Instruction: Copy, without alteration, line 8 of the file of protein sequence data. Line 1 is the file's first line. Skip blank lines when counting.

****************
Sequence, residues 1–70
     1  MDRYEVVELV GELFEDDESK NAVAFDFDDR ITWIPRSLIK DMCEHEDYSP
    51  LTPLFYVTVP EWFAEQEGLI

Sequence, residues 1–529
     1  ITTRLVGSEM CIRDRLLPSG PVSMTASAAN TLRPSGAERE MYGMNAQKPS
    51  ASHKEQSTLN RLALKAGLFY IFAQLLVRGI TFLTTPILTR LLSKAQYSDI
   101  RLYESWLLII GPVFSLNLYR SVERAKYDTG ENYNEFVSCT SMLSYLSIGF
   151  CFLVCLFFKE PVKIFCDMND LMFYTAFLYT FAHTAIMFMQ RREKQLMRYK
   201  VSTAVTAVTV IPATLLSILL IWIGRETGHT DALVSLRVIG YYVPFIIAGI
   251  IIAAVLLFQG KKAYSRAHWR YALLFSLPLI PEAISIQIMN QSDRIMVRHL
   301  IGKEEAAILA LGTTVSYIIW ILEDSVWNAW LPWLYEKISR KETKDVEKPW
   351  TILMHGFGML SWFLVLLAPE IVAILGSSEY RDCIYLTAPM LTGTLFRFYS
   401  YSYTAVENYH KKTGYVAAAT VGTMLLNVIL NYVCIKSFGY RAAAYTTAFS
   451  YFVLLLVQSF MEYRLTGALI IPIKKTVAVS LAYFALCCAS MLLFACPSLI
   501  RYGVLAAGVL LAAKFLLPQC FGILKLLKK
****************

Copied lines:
   151  CFLVCLFFKE PVKIFCDMND LMFYTAFLYT FAHTAIMFMQ RREKQLMRYK